In a proceeding pursuant to CPLR article 78 to compel Eric R. Dinallo, Superintendent, Insurance Department of the State of New York, to disclose certain records pursuant to the Freedom of Information Law (Public Officers Law art 6), the petitioners Leon Newman, Lorraine Newman, Martin Gavrin, and Claire Gavrin appeal from an order and judgment (one paper) of the Supreme Court, Nassau County (Lally, J.), entered March 20, 2009, which, upon a decision of the same court dated February 10, 2009, denied their motion, made jointly with the petitioner Pauline Nager, to disqualify the Attorney General from representing the respondent, and dismissed the proceeding on the merits.
Published by New York State Law Reporting Bureau pursuant to Judiciary Law § 431.
This opinion is uncorrected and subject to revision before publication in the Official Reports.
WILLIAM F. MASTRO, J.P., ARIEL E. BELEN, L. PRISCILLA HALL and LEONARD B. AUSTIN, JJ.
ORDERED that the order and judgment is affirmed, with costs.
In this proceeding, the appellants seek to compel the respondent, Eric R. Dinallo, Superintendent, Insurance Department of the State of New York, to disclose information pursuant to their "request for information" dated August 1, 2008, which consisted of 21 items, and which had been submitted to the respondent by George Nager, the attorney who represented the petitioners in connection with an insurance matter. With three possible exceptions (items 2, 10, and 16), the 21 items set forth in Nager's "request for information" did not demand production of any particular record, document, or any other type of information kept "in physical form" (Public Officers Law § 86) but, instead, requested that the respondent formulate responses to certain direct questions. The petition, dated October 3, 2008, alleged that the respondent had not responded to Nager's August 1, 2008, "request for information" at all even though, on or about September 24, 2008, the respondent had, in fact, disclosed certain documents to Nager.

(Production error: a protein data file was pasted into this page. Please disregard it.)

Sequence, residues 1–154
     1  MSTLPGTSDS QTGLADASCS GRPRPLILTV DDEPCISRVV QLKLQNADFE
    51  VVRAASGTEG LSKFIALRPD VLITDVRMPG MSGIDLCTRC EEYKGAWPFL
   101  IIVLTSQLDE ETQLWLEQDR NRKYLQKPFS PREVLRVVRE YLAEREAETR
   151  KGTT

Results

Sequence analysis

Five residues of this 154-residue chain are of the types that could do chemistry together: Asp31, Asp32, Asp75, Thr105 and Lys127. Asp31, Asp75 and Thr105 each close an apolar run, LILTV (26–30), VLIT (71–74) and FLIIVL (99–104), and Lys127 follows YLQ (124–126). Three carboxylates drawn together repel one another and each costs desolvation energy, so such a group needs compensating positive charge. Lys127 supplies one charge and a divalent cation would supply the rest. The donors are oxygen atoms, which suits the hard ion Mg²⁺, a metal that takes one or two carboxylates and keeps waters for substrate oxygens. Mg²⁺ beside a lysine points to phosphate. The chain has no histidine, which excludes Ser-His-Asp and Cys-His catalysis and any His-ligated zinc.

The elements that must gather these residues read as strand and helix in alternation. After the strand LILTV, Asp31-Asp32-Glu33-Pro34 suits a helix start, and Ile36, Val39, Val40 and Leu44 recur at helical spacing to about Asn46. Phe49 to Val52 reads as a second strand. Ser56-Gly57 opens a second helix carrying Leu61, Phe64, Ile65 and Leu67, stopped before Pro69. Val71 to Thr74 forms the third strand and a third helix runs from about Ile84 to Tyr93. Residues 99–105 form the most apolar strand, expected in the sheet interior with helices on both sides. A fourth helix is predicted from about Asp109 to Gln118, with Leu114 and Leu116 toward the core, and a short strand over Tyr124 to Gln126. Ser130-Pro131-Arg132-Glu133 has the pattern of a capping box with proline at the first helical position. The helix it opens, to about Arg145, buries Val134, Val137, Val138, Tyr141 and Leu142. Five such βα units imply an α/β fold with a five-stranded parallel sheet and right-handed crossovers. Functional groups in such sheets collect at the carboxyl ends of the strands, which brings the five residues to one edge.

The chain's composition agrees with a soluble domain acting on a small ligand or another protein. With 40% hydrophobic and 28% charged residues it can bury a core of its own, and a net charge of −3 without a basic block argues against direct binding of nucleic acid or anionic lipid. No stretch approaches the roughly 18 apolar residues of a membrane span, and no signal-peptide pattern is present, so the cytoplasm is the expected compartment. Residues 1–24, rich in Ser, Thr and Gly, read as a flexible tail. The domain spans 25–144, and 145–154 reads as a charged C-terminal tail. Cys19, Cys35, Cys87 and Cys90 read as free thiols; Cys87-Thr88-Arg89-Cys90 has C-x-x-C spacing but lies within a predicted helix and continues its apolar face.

In general, requests under the Freedom of Information Act (Public Officers Law art 6) must "reasonably describe[ ]" the record sought (Public Officers Law § 89; see Matter of Konigsberg v Coughlin, 68 NY2d 245, 248-250; Matter of M. Farbman & Sons v New York City Health & Hosps. Corp., 62 NY2d 75, 82-83; Matter of Coalition of Landlords, Homeowners and Merchants, Inc. v Town of Brookhaven, 33 AD3d 914; Matter of Roque v Kings County Dist. Attorney's Office, 12 AD3d 374). With the three exceptions noted above, the August 1, 2008, "request for information" did not request the production of any particular record, much less one that had been "reasonably described." The respondent advised that it had no document responsive to item 16; the documents that were produced include those that were responsive to items 2 and 10.
Many documents appear to have been produced gratuitously, even though they did not correspond to any particular request. Although the respondent invoked the "trade secret" exemption in connection with item 21 (Public Officers Law § 87[d]), this, too, was gratuitous because item 21 of Nager's August 1, 2008, demand did not call for the production of any specific document. Therefore, we need not decide whether the respondent met its burden of demonstrating the applicability of the "trade secret" exemption (cf. Matter of Markowitz v Serio, 11 NY3d 43, 51).
The appellants were not entitled to an award of an attorney's fee (see Public Officers Law § 89[c]), and their motion, made jointly with the petitioner Pauline Nager, to disqualify the attorney general was without merit.
MASTRO, J.P., BELEN, HALL and AUSTIN, JJ., concur.
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